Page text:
The good folks at One/Northwest have just published their white paper about the future of the environmental movement, Movement as Network. The paper's specifically targeted at American enviros, but the observations and suggestions it presents are crucial for anyone working today to change the world.
I find many of my own ideas about the use of technology to create social change refelcted here in a more coherent and specific way, though I have some critical responses which I'll try to find time to organize and post here next week. But to cut to the chase, this is good stuff.
"The environmental movement is at a critical juncture in its history. It has brought about numerous and important achievements over the last four decades. But recent setbacks in the United States show that its hard-fought accomplishments are still all too vulnerable to changes in political winds caused by pressures from special interests. The viability of life on this planet is too important to allow the short-term interests of such a small majority to interfere with societys urgent need for a more sustainable path.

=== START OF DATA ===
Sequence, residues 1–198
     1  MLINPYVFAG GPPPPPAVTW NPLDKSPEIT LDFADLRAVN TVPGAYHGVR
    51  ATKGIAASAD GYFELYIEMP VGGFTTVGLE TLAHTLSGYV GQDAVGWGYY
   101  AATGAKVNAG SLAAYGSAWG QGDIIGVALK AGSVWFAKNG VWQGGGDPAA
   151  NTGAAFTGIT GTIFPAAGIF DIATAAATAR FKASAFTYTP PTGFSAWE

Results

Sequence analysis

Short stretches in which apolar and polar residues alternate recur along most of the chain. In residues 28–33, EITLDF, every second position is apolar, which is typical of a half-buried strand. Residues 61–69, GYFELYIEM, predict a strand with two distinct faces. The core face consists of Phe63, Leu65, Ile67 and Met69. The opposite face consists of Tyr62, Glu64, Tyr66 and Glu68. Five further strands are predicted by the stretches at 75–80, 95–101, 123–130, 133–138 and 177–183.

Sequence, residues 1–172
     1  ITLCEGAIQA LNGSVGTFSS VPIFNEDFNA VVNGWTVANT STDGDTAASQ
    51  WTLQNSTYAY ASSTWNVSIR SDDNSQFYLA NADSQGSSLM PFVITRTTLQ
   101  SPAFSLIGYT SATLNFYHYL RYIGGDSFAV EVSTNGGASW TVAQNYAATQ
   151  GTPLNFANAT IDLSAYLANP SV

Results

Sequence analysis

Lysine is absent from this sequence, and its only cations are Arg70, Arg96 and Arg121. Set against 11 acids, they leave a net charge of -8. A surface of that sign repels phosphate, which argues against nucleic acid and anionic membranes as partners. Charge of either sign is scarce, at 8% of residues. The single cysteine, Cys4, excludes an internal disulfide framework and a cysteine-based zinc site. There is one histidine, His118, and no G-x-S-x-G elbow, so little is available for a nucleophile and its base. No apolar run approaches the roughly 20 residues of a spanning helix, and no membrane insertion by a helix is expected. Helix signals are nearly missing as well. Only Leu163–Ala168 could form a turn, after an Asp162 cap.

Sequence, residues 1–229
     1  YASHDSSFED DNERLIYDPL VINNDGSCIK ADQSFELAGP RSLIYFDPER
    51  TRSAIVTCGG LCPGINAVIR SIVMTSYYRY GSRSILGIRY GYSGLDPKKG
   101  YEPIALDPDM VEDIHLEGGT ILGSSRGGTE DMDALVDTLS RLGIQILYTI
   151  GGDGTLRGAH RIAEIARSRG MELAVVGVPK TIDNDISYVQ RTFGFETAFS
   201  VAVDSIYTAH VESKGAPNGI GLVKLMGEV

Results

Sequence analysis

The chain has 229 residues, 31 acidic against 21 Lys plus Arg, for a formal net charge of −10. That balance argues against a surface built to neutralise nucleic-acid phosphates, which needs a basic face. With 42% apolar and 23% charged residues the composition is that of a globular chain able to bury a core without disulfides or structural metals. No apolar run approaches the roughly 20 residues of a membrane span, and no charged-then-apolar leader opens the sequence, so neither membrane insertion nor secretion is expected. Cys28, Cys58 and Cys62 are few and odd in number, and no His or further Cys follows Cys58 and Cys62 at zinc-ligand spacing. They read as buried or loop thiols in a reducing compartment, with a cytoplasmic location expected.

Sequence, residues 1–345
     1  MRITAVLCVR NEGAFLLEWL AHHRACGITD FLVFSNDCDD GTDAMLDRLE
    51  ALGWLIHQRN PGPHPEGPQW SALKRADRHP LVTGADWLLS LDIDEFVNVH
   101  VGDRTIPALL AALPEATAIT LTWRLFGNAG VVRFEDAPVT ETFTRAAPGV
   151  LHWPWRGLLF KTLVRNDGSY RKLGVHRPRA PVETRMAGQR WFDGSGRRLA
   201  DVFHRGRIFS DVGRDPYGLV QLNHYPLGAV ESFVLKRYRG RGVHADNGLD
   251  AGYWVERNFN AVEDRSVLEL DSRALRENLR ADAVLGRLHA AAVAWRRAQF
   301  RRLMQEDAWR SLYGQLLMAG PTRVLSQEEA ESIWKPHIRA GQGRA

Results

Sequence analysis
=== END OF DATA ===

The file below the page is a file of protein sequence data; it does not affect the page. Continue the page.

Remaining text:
"Immunizing society from such harmful influences means integrating a new set of values into its very fabric at a scale not seen in this country since the shifts that accompanied universal suffrage and the broadening of civil rights. It means harnessing these beliefs to build a broad-based social and political force capable of applying both political and economic pressure to shifting society into more sustainable patterns. This is the task facing the environmental movement at the outset of the new century.
The environmental movement requires new organizational structures and strategies to succeed in this next phase of its evolution. This paper presents a model called Movement as Network. This model may have relevance to other social movements and networks, but the focus of this paper is using it to think about new ways of restructuring the environmental movement so it can be more powerful and more effective."